Education for Uncivillisation

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Education for Uncivillisation It has frequently been asserted that to be educated is, in essence, to become civilised. Children, according to this view, begin their lives outside the walls of the citadel. They are the barbarians behind the gates, in need of our careful but authoritative hand to take theirs and initiate them into everything that is good and beautiful and advantageous about civilisation. The aim of education, it is further argued, is to guide us towards becoming fully human. This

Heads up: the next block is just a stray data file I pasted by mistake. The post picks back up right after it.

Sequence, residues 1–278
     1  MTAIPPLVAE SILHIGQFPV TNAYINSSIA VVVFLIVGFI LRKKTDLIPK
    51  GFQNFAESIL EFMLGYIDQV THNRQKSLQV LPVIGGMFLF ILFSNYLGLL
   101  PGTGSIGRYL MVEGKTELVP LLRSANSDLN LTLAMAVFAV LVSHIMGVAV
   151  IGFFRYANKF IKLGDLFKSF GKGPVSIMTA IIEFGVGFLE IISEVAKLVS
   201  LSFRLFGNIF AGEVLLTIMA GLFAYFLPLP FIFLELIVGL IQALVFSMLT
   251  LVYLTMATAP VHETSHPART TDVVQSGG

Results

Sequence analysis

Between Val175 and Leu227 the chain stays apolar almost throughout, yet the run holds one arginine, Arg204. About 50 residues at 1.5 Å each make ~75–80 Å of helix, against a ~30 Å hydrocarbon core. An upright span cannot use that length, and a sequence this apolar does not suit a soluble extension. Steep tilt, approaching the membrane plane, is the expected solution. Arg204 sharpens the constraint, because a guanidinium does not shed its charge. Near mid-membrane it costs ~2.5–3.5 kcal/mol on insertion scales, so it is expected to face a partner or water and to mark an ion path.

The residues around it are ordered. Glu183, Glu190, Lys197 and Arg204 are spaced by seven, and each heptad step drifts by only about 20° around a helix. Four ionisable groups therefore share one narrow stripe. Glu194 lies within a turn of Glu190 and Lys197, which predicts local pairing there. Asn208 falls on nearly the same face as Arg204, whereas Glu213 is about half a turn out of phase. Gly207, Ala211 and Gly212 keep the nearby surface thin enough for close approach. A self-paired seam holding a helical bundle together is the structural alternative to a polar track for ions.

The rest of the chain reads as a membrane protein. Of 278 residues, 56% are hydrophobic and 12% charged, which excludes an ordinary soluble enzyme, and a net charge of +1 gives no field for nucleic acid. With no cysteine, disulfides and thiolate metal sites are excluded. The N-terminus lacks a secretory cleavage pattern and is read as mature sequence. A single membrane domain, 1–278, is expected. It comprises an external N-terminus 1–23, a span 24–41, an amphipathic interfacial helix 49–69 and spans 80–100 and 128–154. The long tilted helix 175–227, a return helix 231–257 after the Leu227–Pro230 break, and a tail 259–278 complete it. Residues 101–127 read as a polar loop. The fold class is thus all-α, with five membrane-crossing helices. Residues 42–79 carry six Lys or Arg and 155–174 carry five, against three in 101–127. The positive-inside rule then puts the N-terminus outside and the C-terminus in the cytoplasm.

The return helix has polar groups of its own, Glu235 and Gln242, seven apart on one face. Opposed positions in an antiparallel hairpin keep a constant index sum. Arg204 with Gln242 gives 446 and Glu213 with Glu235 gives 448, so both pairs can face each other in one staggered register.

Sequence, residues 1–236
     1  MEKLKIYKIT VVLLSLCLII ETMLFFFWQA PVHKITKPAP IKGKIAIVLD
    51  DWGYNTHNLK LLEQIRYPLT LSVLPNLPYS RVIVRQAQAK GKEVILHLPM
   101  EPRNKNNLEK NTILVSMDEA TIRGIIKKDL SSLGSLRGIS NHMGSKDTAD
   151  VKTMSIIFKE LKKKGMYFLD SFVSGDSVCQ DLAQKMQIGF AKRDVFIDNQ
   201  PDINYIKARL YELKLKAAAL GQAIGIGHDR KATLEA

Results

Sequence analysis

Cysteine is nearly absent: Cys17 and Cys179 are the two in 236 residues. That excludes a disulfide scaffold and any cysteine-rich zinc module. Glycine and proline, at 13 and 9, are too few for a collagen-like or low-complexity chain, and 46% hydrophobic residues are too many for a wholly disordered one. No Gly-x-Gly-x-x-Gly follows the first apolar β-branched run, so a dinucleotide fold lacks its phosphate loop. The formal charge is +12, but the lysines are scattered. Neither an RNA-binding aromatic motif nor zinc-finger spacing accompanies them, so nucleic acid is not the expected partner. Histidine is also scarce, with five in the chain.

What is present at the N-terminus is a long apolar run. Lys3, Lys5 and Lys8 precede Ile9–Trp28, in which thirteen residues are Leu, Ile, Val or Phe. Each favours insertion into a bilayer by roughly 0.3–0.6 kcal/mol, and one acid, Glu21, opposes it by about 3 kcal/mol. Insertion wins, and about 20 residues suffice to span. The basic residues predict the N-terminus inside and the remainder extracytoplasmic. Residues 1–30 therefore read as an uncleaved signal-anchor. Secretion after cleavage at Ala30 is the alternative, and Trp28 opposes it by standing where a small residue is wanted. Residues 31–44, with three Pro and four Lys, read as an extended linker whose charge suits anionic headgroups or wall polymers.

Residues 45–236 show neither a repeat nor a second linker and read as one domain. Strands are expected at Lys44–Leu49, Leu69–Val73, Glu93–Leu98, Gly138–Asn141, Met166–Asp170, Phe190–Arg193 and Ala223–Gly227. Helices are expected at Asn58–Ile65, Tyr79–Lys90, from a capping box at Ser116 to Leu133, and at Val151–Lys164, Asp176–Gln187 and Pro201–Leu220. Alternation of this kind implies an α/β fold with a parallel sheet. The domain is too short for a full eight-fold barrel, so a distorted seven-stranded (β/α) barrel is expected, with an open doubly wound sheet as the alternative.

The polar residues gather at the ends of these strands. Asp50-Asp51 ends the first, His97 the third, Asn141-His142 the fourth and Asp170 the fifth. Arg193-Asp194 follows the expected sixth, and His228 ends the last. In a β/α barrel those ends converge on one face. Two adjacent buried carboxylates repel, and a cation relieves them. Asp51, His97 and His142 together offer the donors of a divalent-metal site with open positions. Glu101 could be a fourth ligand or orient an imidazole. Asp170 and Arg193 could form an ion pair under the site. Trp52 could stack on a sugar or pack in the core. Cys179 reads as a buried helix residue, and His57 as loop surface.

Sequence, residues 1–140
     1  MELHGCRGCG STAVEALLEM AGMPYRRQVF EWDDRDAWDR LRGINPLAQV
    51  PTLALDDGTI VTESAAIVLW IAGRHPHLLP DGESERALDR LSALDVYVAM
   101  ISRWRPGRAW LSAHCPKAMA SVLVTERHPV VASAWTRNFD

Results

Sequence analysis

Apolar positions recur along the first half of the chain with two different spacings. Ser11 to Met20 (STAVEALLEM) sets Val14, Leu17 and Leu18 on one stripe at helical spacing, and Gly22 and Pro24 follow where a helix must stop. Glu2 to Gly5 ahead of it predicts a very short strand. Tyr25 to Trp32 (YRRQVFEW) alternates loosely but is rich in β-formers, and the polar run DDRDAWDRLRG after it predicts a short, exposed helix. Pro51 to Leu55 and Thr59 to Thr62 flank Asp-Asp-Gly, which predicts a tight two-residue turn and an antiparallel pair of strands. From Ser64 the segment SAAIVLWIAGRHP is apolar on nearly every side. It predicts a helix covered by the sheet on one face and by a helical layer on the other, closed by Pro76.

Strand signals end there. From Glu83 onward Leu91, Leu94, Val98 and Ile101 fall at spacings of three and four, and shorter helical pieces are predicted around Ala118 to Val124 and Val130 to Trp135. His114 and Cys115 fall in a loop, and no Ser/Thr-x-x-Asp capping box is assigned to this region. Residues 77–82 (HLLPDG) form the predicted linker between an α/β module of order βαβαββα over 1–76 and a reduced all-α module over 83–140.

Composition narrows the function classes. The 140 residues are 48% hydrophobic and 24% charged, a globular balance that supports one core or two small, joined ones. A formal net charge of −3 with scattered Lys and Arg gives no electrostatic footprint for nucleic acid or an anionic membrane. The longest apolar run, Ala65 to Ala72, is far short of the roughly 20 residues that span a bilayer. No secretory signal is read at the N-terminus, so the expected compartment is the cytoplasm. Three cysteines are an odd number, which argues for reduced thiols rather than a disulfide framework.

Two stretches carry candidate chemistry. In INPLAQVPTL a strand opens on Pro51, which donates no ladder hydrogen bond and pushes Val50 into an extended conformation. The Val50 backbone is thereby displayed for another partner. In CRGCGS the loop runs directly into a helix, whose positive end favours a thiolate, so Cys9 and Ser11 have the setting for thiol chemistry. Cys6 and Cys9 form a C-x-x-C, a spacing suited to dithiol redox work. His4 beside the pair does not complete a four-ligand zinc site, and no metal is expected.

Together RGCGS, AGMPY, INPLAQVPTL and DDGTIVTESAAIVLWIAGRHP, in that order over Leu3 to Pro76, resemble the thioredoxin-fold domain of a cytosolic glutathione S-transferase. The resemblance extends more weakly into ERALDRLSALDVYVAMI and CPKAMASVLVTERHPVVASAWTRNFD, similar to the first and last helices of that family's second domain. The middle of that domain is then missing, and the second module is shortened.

Education for Uncivillisation It hasfrequently been assertedthat to be educated is, in essence,to becomecivilised. Children, according to this view, begin their lives outside the walls of the citadel. They are the barbarians behind the gates, in needofour careful butauthoritative hand to take theirs and initiatethem into everything that is goodand beautiful and advantageous about civilisation. The aim of education, it isfurther argued, is to guide us towards becomingfully human. This startlinglyanthropocentric understanding of what education is runs deep. But given theage of collapse which we now stare in the face, it seems a good time to ask thefundamental question: Is being a barbarianreally all thatbad? Would it hurt usto take a long walk outside of the gates, amble amidst the uncultivated, and feelour bare feet upon the earth? The heady aims of education detailed above have become somewhat dilutedinour times. Education, like so much of our civilisation, is now running on emptyand a gaping sense of meaningless and aimlessnesspermeates mosteducational talk. The ideal of education as the cultivation of humanness haslargely given way to a number of subsidiary aims such as ‘education forresponsible citizenship’ or ‘education for sustainable development’. Anemphasis on performance, skills and the meeting of targets still dominates.Education is, once again, a central electoral issue in the UK. Yet, no matter which party you turn to, education is valued primarily in so far as it cancontribute to economicprosperity. That is, so far as it can continue to initiatechildren into the ways of seeing, doing and thinking that predominate.Let us take the widely toutedidea of‘education for sustainable development’, anaim that is now firmlyembedded within the National Curriculum. Talk aboutsustainable development carries with it the assumption that we can,bar a fewlifestyle changes,keep calm and carry on as normal in the face of impendingecological devastation. Furthermore, it implicitly conveys the notion that weought to, and indeed would be insane not to want to  , carry on in this manner. Thanks to science and innovative thinking, we are told, we can fix our way outof this mess. This is the culture of ‘solutions’ and it is as presentin school asanywhere else. You can almost hear the flailing, dying gasp of civilisationbehind such talk.If the time has come for new stories, then they are neededabove all, in the school.Sustainable development is but the latest in a long line of stories that we keeptelling ourselves, to reassure us that we can make ourselves fully at home inthe world. But what kind of home-maker perpetuates the kind of wholesale  destruction of that very home to which recent centuries have borne witness? Tobe a barbarian is to be a stranger, a foreigner, and we must come to realise that we are alltruly barbarians in this sense. For despite all our attempts to classifyand order and account for the world, there is always an excessfrom which weare estranged  and that remains partlyconcealed and hidden from our gaze.Poets, storytellers andother artists have traditionally been the ones who havegesturedtowards the ineffable and drawn it out of the darkness. But not in a way that delivers it to us for consumption orexploitation. Rather, poets andstorytellers sing the earth in a way which allows us only to catch a glimmer, amesmerizingflicker,of this hidden beauty and truth.What would an education for uncivillisation look like? It would not, Iimagine,be judgedin terms of its efficiency, output and contribution to economicprosperity or good citizenship. Rather, it would have to speak to the barbarianin us. It would decentre us; help us reconsider what it means to be human, andto look outwards beyond the citywalls. No, it would have to do more than makeus merely look. We would have to scale those walls and tread on the bare earth;cast away the urbane illusion of being safely at home, and to sing the wildplaces. Upon this earth we area bitlike strangers sojourning at an inn, yet wehave come to treat it as unscrupulous landlords. An uncivilised education would disclose the world to us in a way that fostered responsiveness andappreciation towards what is other.At this time in which once seemingly permanent edifices are breaking downbefore our eyes, we need new stories in schools, not ‘functional skills’. A myriadof well meaning but clumsy and disjointed government initiatives only manageto cloud the elemental underlyingquestion. This is nothing more or less thanthe question of how we should henceforth dwell on this Earth. Are we going toinsist onsending our children along the crumbling precipice of progress, tocling onto the shattering walls of the citadel for dear life? Or are we going toencouragethem to look down? It may be well for storytelling to be at the heartof education;storytelling that has srcins in place, in the day to day geographyof the child. This does not preclude global learning. But what I would say isthis: how can we understand the story of another until we have come tounderstand our own? There must also always remain a degree of ineffability in what we teach andlearn. We can no longer labour under the vain illusion that we can mastereverything. A less conceited kind of education is needed, one in which we aredaring enough to go beyond the gates and be prepared to stand still in awe andincomprehensibility at what we meet and then to keep that sense of awe alive inlanguage. This is an education in and of place. It is an education rooted instorytelling. It is an education for uncivilisation.